As the mobile internet revolution reaches a feverish pace and entire ecosystems are disrupted, travelers are moving online and ditching their guidebooks. Here’s an account of the last few times the LP guidebook saved my life before i swutched entirely to online sources for my travel planning. Really wished LP adapted to the digital revolution better than the last few years. A stalwart brand me and other travelers will definitely continue supporting!

Haikou ferry terminal

The chaotic terminal

1) The ferry from Hainan to China mainland

This ferry crossing is an atypical one. Firstly, It’s not easy to get to the port of Haikou for domestic crossings. Secondly, the harbour on the Chinese mainland is not a town, so there’s nothing but a port there, which also means there are no onward connections or amenities in the port itself. Thirdly, there are so many scammers around who sell dubious tickets and highly deceptive looking tickets with truckloads of lies. Lonely Planet warned us very clearly about this.

Buy only from official permanent looking offices. Even temporary stalls, large signboards and professional looking uniformed staff can be part of an elaborate scam.

The railway station where you can buy your ferry tickets

The railway station where you can buy your ferry tickets

So this is the place where you buy your tickets, and it has tons of vendors. From the scruffy looking obviously scammer looking people to the concrete offices and uniformed staff. There’s also the in between, temporary stalls erected with cardboards, modified motorbikes, roll up banners. The Chinese are creative, you got to give it to them. And so the biggest trick everyone is relying on is that you need an onward ticket on the other side of the port. You have to buy everything before you board the ferry. So with LP’s advice this was the one time we were totally rule-abiding, and we shelled out a premium to get the one with the official stamps from the concrete office and uniformed staff.

Once we crossed to the other side, we can’t heave enough sighs of relief.At least 20% of the people there were stopped after disembarking the ferry as they didn’t have onward tickets. Illegal vendors were charging them at least 4 times as much to get an onward ticket, or get take the ferry back to buy another one. After 30mins it seemed like the victims have conceded defeat and took the ferry back. Those with flights and trains to catch couldn’t afford the time and had to shell out the money. Lucky us for trusting Lonely Planet!

2.) The Lao Curfew

The 4th time was a much more serious one. This was really close. The other times were more metaphorical. Lonely Planet saved our money, time, travel plans more than our lives. This time, it was literally our lives.

In Laos, back in 2008, there was a curfew after a certain time. It was loosely enforced, so no one really knew when it started, when it ended, and what are the rules. It was very… to put it simply.. discretionary. Given how heavily armed their police were, it was a pretty scary prospect. AK47s, chains of bullets slung round their necks were not an uncommon sight. Just like what you see in the Rambo movies.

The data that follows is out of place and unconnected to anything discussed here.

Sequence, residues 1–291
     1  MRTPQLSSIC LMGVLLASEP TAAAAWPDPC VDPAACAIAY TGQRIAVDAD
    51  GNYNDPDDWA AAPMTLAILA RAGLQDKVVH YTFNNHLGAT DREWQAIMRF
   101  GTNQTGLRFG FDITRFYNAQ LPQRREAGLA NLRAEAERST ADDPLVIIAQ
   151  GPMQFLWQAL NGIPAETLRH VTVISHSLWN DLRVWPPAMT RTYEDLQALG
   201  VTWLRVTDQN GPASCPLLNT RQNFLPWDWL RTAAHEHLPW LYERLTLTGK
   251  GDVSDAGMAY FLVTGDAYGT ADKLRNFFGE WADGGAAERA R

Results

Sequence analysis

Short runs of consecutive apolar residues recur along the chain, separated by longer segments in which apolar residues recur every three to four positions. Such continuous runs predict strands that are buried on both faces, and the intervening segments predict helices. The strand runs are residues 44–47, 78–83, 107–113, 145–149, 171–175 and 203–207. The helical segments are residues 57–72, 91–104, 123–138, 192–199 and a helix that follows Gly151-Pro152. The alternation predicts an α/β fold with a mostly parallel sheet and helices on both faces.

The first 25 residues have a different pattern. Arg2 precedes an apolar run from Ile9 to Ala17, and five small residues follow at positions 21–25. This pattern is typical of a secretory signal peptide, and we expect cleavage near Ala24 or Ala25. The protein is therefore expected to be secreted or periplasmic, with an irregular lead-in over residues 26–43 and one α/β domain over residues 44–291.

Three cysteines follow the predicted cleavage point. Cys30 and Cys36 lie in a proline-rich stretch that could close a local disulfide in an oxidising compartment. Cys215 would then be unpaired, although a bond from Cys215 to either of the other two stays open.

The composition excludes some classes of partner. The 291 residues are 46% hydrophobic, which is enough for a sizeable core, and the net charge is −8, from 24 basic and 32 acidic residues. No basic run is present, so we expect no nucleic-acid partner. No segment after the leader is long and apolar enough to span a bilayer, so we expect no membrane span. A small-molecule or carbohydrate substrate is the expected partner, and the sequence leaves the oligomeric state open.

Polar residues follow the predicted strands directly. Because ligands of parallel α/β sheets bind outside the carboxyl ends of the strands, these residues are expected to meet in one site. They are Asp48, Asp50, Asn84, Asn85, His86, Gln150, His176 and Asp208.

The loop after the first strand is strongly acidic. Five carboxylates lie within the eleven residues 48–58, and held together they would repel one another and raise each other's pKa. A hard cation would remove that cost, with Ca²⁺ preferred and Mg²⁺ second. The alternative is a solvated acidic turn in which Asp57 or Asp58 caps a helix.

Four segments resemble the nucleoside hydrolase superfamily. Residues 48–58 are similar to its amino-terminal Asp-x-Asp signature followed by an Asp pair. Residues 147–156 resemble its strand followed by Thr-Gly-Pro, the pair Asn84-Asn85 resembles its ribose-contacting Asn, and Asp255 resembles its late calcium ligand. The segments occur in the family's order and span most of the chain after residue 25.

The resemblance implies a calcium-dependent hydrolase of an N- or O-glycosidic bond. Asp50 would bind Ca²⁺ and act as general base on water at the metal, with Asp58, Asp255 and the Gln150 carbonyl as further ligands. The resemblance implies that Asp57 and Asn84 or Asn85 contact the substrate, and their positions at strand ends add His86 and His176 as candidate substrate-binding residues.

Something like this x2

Something like this x2

So it was my last night in Southern Laos, and to commemorate my last night in Laos before crossing over to Cambodia, I decided to do a little night walk with my friends, check out the quiet city at night and take peaceful, tranquil photos of the soviet buildings, which took a life of their own at midnight without the life, and busyness of daily Laotian life.

It was so empty we literally did not see another soul in our 2-3 hour escapade around the city. We sat by the river, drank from random water dispensers (no idea why it was there but it actually tasted good), explored the market and just as we were about to head back to the hotel, we head someone shouting at us in Lao. Irritated shouts. Does not sound good, was what we thought to ourselves. It turned out to be 2 armed policemen.

And they fit the typical stereotype of armed personnel then, AK47s, rounds slung over their shoulders, bad-ass, and angry looking. They started shouting angrily and saying tons of things we of course couldn’t understand they pointed to their watches, brandished their rifles, edged closer, everything that made us feel uncomfortable. All this time all we could do is say baw khaochai (don’t understand) and smile and smile and smile. Then it occured to us we had to let them know we were lost tourists looking for our way back to the hotel, that would absolve us of the supposed ‘crime’ breaking the curfew. So we took out the Lonely Planet guidebook to show them the map and ask them the name of the hotel then point to the map. Bringing out the guidebook itself mellowed them because they recognized that as a tourist posession! after more nervous smiles and laughter they actually pointed us to the right direction and the right place on the map (cuz we actually knew where it was) and reluctantly shooed us away.

That was close and that was once we didn’t expect the Lonely Planet guidebook to save us. Not with its content, but with its brand and recognizability even among the armed forces in SouthEast Asia. A final thank you to Lonely Planet as we bid goodbye to it, using things like tripadvisor instead in the years to come! The sale from the original founders to BBC and then now Brad Kelley with the enigmatic 26-year old CEO Daniel Houghton has taken its toll on the iconic brand and its strategy is clear as the Mekong. Hopefully things will change and there will be good reason to use it once again!

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The rider of ox-carts, tarantula-eating, giant crossbow toting founder of Backstreet Academy. Let me know if you have a challenge to add to that and I'll gladly oblige! :)